Going Green? Here is how to Get the Green Light with Consumers.

Kermit the frog may have had it right— “It’s not easy being green”.  There is a lot to consider when creating sustainable marketing products and programs. It is not simply adding “green” to your brand platform or announcing that you support a worthy cause.

Marketing “green” is very different than marketing mainstream products. The products are held to higher standards, judged not only on the product’s effectiveness but also on delivering against societal and environmental responsibilities.  When marketing “green” total dedication— from the initial stages of developing the product through to when the product is ultimately recycled or finished by the consumer must be examined against these considerations while still delivering the triple bottom line of people, planet and profit. Green needs to flow through the very veins of an organization demonstrating a full commitment to be credible.

Here are some guidelines on how to market  “green” products effectively:

  • Make sure your product works. Ensure your product competitively delivers on both traditional and eco-friendly benefits. If the product doesn’t work, it doesn’t matter how “green” it is. There exists no value.
  • Be genuine in your sustainability quest. Fulfill the sustainability message throughout your entire product’s lifecycle—from sourcing of ingredients to the recycling process.
  • Strengthen your core. Corporate social responsibility needs to be at the core of your company’s business philosophy permeating the supply chain all the way through to treating employees fairly. Take for example Walmart who has pledged to reduce their carbon footprint yet is getting sued for employee discrimination.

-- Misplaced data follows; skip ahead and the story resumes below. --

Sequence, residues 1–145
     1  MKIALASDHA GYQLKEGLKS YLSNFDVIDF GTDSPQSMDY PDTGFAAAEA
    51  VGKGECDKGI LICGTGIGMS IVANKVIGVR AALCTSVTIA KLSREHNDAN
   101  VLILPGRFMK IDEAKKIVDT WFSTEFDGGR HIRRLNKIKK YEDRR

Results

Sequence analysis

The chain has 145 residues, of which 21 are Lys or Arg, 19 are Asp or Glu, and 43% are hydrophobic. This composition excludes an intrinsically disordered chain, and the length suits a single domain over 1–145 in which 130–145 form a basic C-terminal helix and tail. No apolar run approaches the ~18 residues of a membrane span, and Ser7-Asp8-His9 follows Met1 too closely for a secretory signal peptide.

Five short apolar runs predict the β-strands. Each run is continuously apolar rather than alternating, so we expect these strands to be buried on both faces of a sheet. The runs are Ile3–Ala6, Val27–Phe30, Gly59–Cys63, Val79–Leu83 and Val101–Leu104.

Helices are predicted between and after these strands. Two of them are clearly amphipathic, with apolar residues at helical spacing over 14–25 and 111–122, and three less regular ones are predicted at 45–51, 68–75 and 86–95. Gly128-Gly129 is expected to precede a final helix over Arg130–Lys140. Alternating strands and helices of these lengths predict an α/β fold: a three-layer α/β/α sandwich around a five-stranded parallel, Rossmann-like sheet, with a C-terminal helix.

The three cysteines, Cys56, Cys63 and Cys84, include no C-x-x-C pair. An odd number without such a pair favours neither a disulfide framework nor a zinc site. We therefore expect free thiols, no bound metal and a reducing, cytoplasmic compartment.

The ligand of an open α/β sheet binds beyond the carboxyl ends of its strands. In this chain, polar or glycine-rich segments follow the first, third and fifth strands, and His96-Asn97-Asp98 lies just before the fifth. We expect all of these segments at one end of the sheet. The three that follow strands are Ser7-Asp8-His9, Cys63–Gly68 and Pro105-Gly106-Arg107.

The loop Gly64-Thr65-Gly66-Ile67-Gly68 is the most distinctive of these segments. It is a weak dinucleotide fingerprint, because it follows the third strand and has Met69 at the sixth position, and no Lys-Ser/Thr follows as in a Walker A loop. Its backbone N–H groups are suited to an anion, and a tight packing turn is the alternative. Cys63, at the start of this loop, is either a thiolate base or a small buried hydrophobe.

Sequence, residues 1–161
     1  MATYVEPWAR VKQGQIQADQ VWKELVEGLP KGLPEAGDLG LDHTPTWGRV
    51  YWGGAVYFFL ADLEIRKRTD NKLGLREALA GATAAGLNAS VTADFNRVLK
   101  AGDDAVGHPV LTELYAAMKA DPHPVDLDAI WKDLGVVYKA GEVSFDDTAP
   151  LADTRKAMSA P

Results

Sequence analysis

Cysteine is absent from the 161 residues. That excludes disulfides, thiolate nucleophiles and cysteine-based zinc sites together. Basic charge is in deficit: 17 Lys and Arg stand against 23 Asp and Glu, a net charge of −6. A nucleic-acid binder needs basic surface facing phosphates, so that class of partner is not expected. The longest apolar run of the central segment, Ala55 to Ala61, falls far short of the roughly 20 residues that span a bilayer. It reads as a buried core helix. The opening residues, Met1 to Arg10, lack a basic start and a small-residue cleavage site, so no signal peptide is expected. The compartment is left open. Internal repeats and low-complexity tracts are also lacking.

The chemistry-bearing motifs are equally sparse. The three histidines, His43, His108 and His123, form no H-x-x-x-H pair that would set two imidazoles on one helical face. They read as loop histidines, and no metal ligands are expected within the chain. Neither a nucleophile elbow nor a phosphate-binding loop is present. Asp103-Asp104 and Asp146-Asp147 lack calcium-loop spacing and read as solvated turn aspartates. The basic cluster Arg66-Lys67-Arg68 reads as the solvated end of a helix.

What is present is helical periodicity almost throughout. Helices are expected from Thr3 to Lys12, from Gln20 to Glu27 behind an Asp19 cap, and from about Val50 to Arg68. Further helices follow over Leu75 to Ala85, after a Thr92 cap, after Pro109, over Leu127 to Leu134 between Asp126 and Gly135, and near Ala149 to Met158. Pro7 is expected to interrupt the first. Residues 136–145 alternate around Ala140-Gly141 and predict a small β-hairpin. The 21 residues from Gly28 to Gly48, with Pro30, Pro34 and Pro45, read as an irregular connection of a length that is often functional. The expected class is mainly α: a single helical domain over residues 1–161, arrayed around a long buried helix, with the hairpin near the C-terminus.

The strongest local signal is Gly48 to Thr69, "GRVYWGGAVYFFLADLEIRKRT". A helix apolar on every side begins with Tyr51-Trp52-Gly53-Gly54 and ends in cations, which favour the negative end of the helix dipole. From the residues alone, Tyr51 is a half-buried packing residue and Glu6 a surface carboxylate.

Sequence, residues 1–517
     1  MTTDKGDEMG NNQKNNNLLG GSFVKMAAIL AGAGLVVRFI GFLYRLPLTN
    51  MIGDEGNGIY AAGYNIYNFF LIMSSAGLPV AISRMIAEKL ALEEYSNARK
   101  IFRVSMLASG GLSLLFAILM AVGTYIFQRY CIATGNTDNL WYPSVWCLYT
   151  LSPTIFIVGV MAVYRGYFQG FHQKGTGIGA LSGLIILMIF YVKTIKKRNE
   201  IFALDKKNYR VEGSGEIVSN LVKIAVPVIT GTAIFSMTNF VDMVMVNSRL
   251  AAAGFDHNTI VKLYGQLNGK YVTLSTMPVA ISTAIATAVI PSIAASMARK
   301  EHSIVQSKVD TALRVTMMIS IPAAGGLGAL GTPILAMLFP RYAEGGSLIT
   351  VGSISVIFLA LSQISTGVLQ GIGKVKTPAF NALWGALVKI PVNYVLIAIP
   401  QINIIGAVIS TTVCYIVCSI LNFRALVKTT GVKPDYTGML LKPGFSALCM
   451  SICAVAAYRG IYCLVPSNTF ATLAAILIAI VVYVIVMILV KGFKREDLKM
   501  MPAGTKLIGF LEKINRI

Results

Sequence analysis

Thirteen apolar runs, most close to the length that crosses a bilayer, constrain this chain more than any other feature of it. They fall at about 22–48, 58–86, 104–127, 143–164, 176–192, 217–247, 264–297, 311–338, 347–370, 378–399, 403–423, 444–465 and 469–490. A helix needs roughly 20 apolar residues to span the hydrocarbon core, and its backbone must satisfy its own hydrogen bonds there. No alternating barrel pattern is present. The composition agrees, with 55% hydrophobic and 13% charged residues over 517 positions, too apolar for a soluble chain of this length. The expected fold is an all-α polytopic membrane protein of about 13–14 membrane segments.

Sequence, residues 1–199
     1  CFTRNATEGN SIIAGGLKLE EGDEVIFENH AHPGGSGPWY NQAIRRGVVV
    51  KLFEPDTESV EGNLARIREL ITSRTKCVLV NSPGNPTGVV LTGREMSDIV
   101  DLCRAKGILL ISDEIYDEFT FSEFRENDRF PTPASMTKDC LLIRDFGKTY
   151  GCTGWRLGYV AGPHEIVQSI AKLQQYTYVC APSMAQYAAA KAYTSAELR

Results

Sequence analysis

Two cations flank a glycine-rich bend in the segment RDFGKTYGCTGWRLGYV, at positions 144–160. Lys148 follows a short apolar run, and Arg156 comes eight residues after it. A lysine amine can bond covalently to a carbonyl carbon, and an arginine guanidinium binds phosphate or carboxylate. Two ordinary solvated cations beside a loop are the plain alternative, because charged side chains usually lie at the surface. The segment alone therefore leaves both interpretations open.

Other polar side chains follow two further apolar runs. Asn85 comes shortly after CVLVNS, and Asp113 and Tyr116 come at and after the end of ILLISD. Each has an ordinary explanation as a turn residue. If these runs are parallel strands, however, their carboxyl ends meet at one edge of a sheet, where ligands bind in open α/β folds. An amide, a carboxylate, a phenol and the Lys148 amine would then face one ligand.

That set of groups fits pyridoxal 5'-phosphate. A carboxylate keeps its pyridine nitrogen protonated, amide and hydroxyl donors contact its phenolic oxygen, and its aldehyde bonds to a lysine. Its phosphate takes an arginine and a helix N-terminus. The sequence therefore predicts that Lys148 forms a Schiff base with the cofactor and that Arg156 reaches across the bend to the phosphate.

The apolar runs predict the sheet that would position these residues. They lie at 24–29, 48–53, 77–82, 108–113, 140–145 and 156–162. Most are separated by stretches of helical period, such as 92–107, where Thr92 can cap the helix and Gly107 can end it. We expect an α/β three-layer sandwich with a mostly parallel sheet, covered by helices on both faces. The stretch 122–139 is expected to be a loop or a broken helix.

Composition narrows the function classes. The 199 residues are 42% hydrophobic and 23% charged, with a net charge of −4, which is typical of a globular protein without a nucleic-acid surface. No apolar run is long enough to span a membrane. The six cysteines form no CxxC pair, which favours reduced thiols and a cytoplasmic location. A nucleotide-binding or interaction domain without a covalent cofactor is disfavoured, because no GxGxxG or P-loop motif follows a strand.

• Live and market transparently. Consumers have come to develop a strong relationship with sustainable companies and brands. They demand transparency. Seventh Generation got into trouble with their baby wipes product when they changed the size of the packaging to have less wipes per package and did not effectively communicate the change to their consumers. Consumers felt “cheated” and lost faith in the company, which took some time to rebuild.
  • Eliminate the green pricing gap. The high price of many of the sustainable products discourages consumers from purchasing and actually can be perceived as a sustainability tax or upcharge. Eliminating or reducing the price barrier helps to dispel the notion that green products are not just for the elite and will encourage more people to consume better-for-the-environment products.
  • Don’t force the consumer to make big tradeoffs—whether it is price, performance, convenience or a noisy package. Remember Sun Chips? Most consumers have not proven that they are willing to make significant sacrifices.
  • Have patience. Most environmentally friendly consumer behavior requires behavioral changes and behavioral change takes time. Generation Y and Millennial consumers are more apt to embrace this change faster as they are not breaking habits and re-learning new ones. As more and more companies are jumping on the green bandwagon and eliminating some of the barriers, change will evolve quicker to help shape this shift towards a more sustainable future.
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